Many athletes see the Olympic inclusion of their sports as part of a natural evolution. Although skateboarding and rock climbing may have started out as rebel hobbies – and, for some, still are – the competitive areas of sports have grown exponentially, with global competitions becoming more and more frequent. .
“I mean, I think it’s about time,” US skateboarder Ryan Sheckler said at a press conference hosted by Red Bull in May. âSkateboarding is cool, and it’s fun, and everywhere I travel the world you can find a thriving skate scene learning tricks. It’s a huge community.â
Many athletes see the Olympics as a huge opportunity to have more eyes on their sports and all the benefits that come with it – from sponsorship dollars and training resources to new facilities or perhaps scholarship opportunities. studies at some point.
âComing from Hawaii, we don’t have the best skate parks,â said Reynolds, who grew up in Honolulu and is considered a gold medal contender in the discipline of park skateboarding. “And I really hope that after the Olympics maybe the city will see that this is something that is a respectable sport, and we will build more skateparks, we will build better parks and places for people who want to skate. “
Sport peaks during pandemic
The beginnings of skateboarding and surfing follow a boom in participation during the pandemic, as team sports gave way to individual sports and remote working gave many more time to pursue. new hobbies.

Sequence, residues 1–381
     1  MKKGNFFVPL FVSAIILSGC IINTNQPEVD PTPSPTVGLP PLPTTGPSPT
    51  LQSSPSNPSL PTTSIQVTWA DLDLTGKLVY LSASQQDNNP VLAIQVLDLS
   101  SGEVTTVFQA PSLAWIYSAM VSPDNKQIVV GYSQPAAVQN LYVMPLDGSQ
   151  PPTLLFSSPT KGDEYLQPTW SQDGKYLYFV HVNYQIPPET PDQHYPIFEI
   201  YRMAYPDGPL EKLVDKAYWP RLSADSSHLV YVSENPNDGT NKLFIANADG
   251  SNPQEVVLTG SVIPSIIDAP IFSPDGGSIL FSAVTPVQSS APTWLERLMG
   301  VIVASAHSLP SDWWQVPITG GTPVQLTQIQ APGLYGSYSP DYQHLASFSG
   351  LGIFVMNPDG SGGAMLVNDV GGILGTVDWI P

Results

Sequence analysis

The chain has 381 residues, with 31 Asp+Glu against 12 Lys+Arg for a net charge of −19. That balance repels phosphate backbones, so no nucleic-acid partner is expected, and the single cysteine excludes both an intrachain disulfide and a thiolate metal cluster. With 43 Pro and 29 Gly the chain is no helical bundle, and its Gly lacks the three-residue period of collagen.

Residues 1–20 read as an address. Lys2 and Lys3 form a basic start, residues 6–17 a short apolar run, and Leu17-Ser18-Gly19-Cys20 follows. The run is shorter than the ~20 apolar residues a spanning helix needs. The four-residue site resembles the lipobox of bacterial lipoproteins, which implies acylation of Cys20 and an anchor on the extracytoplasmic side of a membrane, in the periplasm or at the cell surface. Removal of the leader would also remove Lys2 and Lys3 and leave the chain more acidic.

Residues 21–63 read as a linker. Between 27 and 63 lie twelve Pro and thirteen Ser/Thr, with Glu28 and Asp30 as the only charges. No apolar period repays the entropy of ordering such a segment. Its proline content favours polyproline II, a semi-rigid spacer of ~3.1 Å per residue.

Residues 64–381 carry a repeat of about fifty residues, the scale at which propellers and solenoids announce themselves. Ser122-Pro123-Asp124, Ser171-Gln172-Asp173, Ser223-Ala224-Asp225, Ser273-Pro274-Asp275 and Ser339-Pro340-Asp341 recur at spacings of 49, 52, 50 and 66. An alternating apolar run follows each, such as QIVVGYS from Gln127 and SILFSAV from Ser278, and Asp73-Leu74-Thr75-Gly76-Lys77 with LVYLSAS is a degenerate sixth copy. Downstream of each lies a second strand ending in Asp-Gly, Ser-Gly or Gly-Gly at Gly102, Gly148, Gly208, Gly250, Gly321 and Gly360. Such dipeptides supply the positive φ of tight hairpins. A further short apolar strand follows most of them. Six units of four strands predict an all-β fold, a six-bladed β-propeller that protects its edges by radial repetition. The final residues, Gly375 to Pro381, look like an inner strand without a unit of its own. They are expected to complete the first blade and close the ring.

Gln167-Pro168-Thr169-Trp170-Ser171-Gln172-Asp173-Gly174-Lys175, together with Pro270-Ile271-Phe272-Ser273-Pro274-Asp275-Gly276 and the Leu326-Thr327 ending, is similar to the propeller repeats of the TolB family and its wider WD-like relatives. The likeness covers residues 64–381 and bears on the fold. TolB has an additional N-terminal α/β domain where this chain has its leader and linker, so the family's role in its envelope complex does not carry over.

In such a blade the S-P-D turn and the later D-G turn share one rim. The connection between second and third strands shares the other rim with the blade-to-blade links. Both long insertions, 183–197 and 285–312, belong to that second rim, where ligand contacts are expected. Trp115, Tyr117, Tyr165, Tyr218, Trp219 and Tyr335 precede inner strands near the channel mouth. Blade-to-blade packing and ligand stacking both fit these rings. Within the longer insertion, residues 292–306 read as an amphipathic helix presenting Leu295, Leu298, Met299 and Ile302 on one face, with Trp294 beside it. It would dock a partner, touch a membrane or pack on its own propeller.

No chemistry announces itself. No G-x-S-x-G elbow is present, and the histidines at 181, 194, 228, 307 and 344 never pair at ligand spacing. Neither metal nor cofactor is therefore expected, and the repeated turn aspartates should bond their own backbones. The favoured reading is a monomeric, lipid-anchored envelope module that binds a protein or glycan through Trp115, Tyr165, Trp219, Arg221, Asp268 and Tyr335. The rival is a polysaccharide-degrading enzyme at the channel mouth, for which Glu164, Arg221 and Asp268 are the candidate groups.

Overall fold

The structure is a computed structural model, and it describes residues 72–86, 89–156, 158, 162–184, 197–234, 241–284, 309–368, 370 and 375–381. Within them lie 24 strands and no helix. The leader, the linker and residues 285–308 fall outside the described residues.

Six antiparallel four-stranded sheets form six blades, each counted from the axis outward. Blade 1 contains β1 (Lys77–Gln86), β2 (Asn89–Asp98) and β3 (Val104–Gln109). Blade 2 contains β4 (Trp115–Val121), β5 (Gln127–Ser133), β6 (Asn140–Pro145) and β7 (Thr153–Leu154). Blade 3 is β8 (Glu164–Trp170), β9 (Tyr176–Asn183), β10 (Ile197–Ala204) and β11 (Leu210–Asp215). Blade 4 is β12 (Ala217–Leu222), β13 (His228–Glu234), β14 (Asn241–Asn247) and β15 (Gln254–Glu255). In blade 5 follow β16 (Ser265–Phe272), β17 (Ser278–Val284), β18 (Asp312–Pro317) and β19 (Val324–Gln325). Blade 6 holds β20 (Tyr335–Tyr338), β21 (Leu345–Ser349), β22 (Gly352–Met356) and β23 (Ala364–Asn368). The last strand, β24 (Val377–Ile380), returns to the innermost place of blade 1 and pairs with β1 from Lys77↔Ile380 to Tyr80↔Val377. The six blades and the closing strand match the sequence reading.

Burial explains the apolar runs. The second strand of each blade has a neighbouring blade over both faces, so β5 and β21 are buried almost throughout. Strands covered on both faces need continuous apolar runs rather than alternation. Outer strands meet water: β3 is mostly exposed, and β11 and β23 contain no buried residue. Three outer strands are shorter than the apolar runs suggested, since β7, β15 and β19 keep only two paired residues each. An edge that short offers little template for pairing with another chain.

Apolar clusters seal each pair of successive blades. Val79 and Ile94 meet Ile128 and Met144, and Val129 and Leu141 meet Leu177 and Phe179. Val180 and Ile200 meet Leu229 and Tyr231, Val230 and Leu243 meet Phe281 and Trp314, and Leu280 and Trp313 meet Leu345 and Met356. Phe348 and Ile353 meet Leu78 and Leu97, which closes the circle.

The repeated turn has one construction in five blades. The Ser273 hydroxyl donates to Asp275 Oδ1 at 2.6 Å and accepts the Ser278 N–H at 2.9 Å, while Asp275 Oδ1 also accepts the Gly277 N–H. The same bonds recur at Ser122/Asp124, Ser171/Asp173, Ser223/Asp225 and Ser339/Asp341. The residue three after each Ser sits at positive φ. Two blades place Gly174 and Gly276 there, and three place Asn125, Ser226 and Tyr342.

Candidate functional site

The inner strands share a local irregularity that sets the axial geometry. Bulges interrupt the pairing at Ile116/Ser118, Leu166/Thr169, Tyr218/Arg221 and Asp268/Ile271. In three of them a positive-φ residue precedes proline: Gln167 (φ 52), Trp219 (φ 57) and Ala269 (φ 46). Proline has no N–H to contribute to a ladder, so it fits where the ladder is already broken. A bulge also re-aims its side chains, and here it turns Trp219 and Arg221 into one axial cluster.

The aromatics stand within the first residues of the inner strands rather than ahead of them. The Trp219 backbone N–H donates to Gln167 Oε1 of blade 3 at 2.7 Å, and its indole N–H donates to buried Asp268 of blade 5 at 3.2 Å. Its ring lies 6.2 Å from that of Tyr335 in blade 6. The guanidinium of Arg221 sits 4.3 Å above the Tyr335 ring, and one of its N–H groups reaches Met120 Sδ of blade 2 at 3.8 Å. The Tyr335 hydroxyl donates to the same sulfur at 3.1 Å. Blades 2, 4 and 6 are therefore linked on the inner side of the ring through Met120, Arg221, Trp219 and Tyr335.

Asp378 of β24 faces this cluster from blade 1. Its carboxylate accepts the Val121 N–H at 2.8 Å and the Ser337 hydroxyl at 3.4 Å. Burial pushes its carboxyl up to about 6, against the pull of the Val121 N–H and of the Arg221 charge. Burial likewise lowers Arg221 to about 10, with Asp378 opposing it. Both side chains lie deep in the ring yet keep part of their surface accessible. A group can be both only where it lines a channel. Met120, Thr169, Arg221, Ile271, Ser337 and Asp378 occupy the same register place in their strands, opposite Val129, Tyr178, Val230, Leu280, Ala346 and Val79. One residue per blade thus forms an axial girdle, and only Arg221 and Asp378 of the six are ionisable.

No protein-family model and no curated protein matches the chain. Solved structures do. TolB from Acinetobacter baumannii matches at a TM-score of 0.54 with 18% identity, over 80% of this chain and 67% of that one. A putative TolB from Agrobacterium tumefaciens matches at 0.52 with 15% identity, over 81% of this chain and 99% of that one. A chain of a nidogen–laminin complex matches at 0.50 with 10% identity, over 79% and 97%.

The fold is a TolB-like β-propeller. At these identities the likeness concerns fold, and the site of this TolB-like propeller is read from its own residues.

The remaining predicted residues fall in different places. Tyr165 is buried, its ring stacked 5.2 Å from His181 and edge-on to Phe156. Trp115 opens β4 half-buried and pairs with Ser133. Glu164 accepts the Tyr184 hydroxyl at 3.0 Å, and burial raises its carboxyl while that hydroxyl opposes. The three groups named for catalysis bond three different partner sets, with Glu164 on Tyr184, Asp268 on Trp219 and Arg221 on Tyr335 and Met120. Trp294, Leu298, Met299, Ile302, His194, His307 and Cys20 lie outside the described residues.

According to ActionWatch, which compiles market data in the skateboarding and surfing industries, there were an estimated 8.87 million skateboarders in the United States in 2020 – a whopping 34% jump from the previous year. Surfing participation also increased 28% in a single year, to 3.8 million.
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ActionWatch chairman Patrik Schmidle said the demographics of the two sports precluded the idea that the Olympics could cause them to become âmainstreamâ. Both sports have seen their participants age and grow richer in the past, he said.
“If you go to any surf spot today, the number of Tesla’s, Land Cruisers and expensive SUVs you see will tell you it’s not those kind of rebellious high school kids who are the stereotypical surfers anymore.” , said Schmidle.
“(The Olympics) might just continue this trend, but that won’t start a new trend. The worry that it won’t be some kind of ‘outdoor sport’ or ‘rebel sport’ anymore, I don’t think. that this has been the case for a while. “
Schmidle also said the pandemic had a greater influence on participation figures in these two sports than the Olympics will have. Historically speaking, he said, Olympic sports typically experience a slight increase in participation following the Games, but the increase is rarely significant.
Nonetheless, there are still members of the surfing, skateboarding and rock climbing communities who are concerned about an influx of novice participants – especially when it comes to outdoor rock climbing, where overcrowding can have. an impact on the environment.
“It’s exciting. I think it’s also scary,” said US Olympic climber Nathaniel Coleman at the Team USA media summit. “I think as the sport grows, and if it grows quickly – faster than its community can teach newcomers – then it faces a lot of challenges.”
Others, like American skater Mariah Duran, do not share these concerns. She compared her sport to a tree. Skateboarding culture will always be its roots, she explained, and competitions like the Olympics are its branches.
âIf you want to do contests, anything you can do,â she said at the media summit. “If you just want to wander the streets or (a) bowl it doesn’t matter. There really is room for everyone. You can take it anywhere you want, and I feel like the heart skateboarding will always be there. “